Monday, May 7, 2012

More on the Rubio Family's History as Exiles

Here we go again.

The Left, cognizant of the threat Marco Rubio poses to the panderer-in-chief's ability to capture Hispanic votes in November, continues its efforts to smear his reputation any way they can,
no matter how ludicrous.

The Washington Post attacked Rubio last October (see my posts
here and here), claiming Rubio had falsified his family history. While that article was thoroughly debunked at the time, it seems that liberals are not willing to drop this particular line of attack just yet.

Unfortunately for Rubio's opponents, facts are on his side. Yale Professor Dr. Carlos Eire has written a moving article, full of excellent historical detail, for The New Republic in defense of Rubio on the issue of Cuban Americans in exile from their homeland (hat tip:
my friends over at BabalĂș Blog, who you really should be reading):

The New Republic | In Defense of Marco Rubio's Story of His Family's Exile

One of the hardest challenges faced by those of us who have lived under tyrants is the task of explaining dictatorships to Americans. The hardest point of all to explain is that a lousy despot can often be succeeded by an even worse monster, and that those who flee from them sometimes become exiles two or three times over. It’s a subject that conventional American wisdom has long reduced to a simplistic and vacuous either/or formula: Surely, no Cuban could hate both Batista and Fidel. This is why so many Americans—even educated journalists—have trouble grasping that it would never occur to most Cuban exiles to quibble over any Cuban’s year of departure from the island.

The truth is this: Marco Rubio’s parents left Cuba during the Batista dictatorship, hoping to someday return to a free and prosperous Cuba. Unfortunately, Fidel Castro proved far worse than his predecessor, so, after a relatively brief and tentative attempt to resettle in post-Batista Cuba, his family realized that their dream could not be fulfilled. Faced with the grim realities of Castrolandia, which they tested out first-hand, they decided to remain in the United States, never ceasing to yearn for their homeland, ever frustrated over the enslavement of their nation.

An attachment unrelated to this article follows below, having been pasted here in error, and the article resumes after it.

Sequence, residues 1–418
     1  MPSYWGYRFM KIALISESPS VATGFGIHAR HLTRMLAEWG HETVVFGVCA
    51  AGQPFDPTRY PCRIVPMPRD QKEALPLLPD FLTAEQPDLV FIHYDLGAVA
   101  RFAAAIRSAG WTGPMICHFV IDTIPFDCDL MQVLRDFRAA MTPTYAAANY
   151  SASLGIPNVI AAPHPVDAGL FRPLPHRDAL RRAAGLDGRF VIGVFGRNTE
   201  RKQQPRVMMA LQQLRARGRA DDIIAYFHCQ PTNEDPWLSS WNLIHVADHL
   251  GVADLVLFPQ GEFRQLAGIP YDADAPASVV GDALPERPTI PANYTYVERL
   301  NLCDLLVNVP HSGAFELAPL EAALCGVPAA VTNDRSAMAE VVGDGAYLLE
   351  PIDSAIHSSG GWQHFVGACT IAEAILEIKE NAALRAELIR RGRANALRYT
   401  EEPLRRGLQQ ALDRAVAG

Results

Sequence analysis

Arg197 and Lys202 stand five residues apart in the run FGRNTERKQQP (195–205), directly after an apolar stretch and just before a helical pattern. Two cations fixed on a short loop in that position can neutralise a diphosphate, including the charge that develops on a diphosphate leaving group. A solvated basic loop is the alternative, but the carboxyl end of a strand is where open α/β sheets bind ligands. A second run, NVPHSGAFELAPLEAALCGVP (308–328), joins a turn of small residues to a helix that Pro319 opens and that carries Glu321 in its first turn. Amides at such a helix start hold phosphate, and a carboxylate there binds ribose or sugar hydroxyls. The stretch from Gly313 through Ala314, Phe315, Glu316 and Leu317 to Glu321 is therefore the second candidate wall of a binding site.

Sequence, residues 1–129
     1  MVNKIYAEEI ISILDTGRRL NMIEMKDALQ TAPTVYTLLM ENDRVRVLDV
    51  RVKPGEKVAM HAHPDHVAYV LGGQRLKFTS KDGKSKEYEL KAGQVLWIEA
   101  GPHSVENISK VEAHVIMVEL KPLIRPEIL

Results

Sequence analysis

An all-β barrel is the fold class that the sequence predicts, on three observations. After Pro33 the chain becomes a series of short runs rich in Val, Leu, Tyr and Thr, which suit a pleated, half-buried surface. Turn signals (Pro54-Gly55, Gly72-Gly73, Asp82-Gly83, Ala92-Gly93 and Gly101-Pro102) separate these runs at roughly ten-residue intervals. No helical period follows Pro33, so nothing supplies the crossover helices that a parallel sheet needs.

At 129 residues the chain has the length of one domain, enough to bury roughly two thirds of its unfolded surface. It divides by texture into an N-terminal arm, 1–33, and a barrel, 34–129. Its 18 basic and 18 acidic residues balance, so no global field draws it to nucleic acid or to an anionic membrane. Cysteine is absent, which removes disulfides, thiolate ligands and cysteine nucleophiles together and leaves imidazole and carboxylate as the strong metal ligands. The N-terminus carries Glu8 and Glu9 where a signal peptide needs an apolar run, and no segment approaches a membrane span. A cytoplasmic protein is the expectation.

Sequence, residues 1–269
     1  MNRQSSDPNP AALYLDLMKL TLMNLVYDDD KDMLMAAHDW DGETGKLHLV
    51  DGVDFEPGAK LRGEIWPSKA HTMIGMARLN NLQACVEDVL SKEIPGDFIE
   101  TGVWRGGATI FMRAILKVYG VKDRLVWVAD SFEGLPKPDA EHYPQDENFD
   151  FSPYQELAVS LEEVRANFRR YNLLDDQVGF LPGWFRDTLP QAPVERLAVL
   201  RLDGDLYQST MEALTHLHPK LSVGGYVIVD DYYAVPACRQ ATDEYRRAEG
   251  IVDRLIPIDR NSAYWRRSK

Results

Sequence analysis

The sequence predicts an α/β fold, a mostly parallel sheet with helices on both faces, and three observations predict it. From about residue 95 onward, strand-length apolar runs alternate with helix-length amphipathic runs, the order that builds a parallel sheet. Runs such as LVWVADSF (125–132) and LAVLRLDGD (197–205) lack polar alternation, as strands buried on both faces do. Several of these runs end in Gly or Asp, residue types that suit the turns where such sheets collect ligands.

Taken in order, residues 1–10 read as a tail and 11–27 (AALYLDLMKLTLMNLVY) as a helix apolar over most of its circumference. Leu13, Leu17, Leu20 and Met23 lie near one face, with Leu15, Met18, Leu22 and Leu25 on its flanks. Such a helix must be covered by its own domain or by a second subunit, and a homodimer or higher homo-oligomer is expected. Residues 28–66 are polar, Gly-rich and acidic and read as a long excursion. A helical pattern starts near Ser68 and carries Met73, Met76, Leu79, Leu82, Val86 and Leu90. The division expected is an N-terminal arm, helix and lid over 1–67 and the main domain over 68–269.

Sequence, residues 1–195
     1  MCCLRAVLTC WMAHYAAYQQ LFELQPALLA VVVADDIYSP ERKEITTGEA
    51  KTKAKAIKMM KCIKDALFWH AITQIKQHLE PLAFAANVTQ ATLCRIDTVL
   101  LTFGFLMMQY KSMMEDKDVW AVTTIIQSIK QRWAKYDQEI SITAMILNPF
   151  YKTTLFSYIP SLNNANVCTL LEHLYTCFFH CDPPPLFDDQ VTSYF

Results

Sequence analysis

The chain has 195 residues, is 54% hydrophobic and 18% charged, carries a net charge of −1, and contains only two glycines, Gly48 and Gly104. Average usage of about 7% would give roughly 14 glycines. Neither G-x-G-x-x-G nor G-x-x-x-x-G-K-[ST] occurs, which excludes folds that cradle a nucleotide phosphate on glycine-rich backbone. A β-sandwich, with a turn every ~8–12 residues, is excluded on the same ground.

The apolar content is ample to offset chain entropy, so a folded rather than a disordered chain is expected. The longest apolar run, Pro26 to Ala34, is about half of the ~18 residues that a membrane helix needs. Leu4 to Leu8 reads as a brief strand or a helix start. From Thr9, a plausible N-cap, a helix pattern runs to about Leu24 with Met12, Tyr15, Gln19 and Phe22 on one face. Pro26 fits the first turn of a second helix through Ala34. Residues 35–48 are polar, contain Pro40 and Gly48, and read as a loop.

Any Cubans returning from the United States in the early 1960s, like the Rubio family, could not help but notice that life in Cuba had become intolerable for anyone who was not a die-hard communist. I know so many Cubans who left the island during Batista’s dictatorship that I cannot even count their number; every one of them who returned to post-Batista Cuba—save one of my relatives who was a communist and loved Fidel—found it necessary to flee to the United States once again after getting a taste of the Castroite totalitarian state. I have one cousin who lived in the United States before 1959 and returned to Cuba only to find himself thrown in prison for nearly twenty years, simply for opposing the Castro regime. Worse than that, his father was imprisoned and tortured too, just because he had a renegade son.

The fears that drove Marco Rubio’s parents to flee Castro's Cuba, then, were very real—indeed, they were exactly the same fears that drove out others who had never before left their homeland...

So I don't see why it is considered a distortion for Marco Rubio to speak of himself and his family as political exiles. Anyone who flees from oppression—willingly or not—and fears returning to their homeland is an exile. The fact that the dictator you first fled was toppled by an even worse dictator who makes it impossible for you to return does not in any way cancel that out. Indeed, to deny that fact is to deny Cubans, who have a century-long tradition of shuttling back and forth between their oppressive homeland and the United States, their history: Regrettably, they have always had a dictator to flee...
Read the rest of the article here.

1 comment:

  1. Any Hispanic or female will be vilified by the left. Its all they have, and that is a good thing. It means no one believes they have a plan.

    As long as the left attacks Rubio it is a indirect attack on Hispanics and should be encouraged, in the end the Hispanic vote should top 45% this fall from the backlash.


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